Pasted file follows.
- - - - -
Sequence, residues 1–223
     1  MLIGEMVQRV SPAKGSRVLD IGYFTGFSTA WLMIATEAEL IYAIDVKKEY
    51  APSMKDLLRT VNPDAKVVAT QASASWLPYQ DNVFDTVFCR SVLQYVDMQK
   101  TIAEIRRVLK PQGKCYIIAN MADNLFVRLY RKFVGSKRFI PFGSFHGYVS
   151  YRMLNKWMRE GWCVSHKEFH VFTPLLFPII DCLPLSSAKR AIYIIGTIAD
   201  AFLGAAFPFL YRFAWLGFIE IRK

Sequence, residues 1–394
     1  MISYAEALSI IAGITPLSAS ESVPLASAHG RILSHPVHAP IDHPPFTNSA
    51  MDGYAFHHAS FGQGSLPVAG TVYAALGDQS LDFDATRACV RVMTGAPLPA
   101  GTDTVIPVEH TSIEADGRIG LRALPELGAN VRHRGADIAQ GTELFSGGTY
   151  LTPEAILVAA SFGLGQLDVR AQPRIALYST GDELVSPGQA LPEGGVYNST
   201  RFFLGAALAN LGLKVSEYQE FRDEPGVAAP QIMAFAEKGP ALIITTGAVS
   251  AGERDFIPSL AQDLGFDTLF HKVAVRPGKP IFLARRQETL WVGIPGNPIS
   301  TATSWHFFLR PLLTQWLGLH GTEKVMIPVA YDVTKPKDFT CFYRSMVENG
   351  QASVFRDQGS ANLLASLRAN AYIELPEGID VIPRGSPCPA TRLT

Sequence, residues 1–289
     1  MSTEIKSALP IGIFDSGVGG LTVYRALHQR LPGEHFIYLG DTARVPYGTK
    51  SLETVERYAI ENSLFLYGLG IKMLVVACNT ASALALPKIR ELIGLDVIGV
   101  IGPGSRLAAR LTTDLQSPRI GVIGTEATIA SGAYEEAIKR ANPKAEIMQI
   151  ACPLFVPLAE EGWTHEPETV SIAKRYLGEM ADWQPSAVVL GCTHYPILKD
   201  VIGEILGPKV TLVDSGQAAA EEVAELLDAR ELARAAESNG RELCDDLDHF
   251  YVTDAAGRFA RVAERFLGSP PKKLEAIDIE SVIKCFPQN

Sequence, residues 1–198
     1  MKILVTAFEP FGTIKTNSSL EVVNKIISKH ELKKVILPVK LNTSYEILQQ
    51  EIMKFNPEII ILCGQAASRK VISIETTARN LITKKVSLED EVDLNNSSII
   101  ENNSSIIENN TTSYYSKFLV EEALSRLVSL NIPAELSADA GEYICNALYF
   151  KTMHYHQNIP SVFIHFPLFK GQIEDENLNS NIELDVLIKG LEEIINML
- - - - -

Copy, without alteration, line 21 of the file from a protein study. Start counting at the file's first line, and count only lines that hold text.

   201  VIGEILGPKV TLVDSGQAAA EEVAELLDAR ELARAAESNG RELCDDLDHF